Blog readers who’ve been around since last summer may recall the teak Trotters flats, courtesy of my mother-in-law, which I stripped and repainted champagne. Well that lovely woman’s feet are the gift that keeps on giving, because as they spread out a bit, she can no longer fit in narrow shoes and she passes them on to moi!
Thus I was the lucky recipient of these Sebago boat shoes, again in a dark tan color:
They were practically brand new, and if I had a lot of brown (any brown?) in my wardrobe I would have left ’em as is. But since my neutral colors tend towards grey and navy, I decided to redo these in a nice soft grey.
I followed the same steps as in my first shoe repainting foray, taking my own advice to use a higher quality brush this time around:
First I took the raw hide laces out of the first few holes so I’d have easy access to the tongue and some of the side parts. I accidentally went one hole too far – I’m going to have to use a needle and string to rethread that puppy because it was originally enclosed between two layers of the shoe in an inaccessible area. Pro tip if you’re working with shoes like this: check how far you can delace BEFORE yanking out the laces.
Then I got out my bottle of Angelus leather preparer and deglazer, left over from last time:
I’d say one bottle covers two pairs of shoes (flats, that is – size 10).
I used an old toothbrush to scrub off the original color. Similarly to nail polish remover, once your chosen implement (paper towels, rag, toothbrush) has saturated with color, it won’t remove any more pigment. This means I did a lot of little dips into the deglazer followed by good scrubbing in a small area, and then wiped the removed color on an old rag:
It was pretty hard to tell the difference between areas where color remained vs. areas that had been saturated by the leather deglazer. Eventually I figured out that if I wasn’t sure, I could just brush the area and wipe it on the rag; if color came off onto the rag, there was still original pigment there and I needed to keep working. It was pretty much impossible to keep the original color from staining the white contrast stitching, and I knew it would be impossible to keep from painting it later, so I decided early on that the contrast would just go grey like the rest of the shoe.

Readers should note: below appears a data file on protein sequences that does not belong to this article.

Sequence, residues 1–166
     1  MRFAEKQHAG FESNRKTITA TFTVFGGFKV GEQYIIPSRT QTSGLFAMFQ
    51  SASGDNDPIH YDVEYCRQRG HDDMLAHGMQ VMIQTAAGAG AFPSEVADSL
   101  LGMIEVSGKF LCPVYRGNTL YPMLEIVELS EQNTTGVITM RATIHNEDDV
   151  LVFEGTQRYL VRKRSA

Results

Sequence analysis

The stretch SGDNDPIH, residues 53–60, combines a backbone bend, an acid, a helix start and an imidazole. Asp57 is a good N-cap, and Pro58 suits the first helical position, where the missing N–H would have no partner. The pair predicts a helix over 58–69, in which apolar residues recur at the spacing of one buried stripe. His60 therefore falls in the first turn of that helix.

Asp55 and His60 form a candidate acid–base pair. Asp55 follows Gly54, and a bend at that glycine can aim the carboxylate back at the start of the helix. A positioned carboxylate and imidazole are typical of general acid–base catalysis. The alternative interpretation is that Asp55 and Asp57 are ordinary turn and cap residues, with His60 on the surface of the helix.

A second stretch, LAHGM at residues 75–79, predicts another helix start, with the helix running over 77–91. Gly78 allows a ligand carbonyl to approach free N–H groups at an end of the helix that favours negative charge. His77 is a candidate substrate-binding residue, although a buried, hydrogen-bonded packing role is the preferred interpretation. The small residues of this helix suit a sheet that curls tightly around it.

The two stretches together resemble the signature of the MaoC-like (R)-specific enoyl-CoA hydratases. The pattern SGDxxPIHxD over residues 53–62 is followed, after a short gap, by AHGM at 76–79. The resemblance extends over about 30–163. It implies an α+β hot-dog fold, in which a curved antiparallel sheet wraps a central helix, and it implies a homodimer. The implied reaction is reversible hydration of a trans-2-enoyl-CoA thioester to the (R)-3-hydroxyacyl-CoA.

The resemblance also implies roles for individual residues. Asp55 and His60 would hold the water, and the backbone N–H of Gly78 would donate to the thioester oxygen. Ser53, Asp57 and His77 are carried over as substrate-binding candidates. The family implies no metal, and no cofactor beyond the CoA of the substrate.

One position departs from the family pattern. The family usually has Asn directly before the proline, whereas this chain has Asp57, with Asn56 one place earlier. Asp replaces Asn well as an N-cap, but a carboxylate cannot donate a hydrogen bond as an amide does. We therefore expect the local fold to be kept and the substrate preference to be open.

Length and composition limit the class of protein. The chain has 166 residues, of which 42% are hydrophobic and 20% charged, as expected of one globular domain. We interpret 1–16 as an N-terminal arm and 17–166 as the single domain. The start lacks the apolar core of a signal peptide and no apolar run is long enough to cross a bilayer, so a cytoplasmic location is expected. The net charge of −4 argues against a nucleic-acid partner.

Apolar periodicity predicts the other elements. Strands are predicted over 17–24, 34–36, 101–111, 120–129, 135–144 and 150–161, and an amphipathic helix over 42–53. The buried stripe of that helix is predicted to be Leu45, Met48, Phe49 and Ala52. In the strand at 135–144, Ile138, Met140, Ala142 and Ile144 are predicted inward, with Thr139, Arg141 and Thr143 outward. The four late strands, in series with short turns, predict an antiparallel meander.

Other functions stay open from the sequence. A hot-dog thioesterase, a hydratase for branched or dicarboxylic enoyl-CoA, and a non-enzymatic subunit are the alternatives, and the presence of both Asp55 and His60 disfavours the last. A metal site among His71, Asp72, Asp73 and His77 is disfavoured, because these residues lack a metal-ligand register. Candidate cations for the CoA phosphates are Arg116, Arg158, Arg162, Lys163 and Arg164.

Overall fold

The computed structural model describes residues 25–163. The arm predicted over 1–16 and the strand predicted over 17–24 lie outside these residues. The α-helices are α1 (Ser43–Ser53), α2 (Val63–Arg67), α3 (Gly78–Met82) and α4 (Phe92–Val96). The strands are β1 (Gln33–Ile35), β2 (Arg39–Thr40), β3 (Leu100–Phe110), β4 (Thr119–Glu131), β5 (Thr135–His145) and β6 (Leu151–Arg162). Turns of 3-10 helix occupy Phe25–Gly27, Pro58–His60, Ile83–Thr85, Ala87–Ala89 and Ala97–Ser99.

Color starting to come off – the waterproof coating took some elbow grease to remove. You can also see how the contrast stitching is starting to dye:
Color removed on the right, not on the left:
After I was satisfied that I had gotten most of the color off, I let them dry in the sun for about 20 minutes:
Next, the new color!
As with last time, with each new dip in the paint I began with the stitching, raw edges, or seams that would need a lot of paint to saturate, then spread the excess out over smoother surfaces. Direction of the brushstrokes didn’t seem to matter as much this time; after one coat I couldn’t tell which way I had painted. This led me to let my toddler help me paint the second coat on one of the shoes, a move my spouse called “brave”; but honestly, look for yourself at the end – can YOU tell the difference? (I will have to use a little deglazer to get some overenthusiastic brush marks off the sole…)
I also decided to paint the grommets because it was too dang hard to paint super carefully around them without getting paint on them as well. If I had more patience and had used a fine angle brush, I probably could have made it work.
I chose Angelus leather paint in Cement/Grey White, hoping for a muted grey that would jive with my wardrobe palette. Here’s how it looks on the first coat:
A little more blue than I would like, but I was hoping that wouldn’t be obvious after a second coat.
Between coats I let dry in the sun for an hour or so. Did I mention how lovely it was to do this outside in the warm October sun? (But watch out for falling leaves as your paint dries.)
And here’s the final product after the second/last coat of paint: what do you think? I’m excited to wear them after a full 24 hours of drying (just to be sure) and a rethreading of that one lace.
This project, by the way, cost me about $3 (paint) and would cost you about $10 if you had to buy the deglazer and brush as well. Not bad for a weekend afternoon!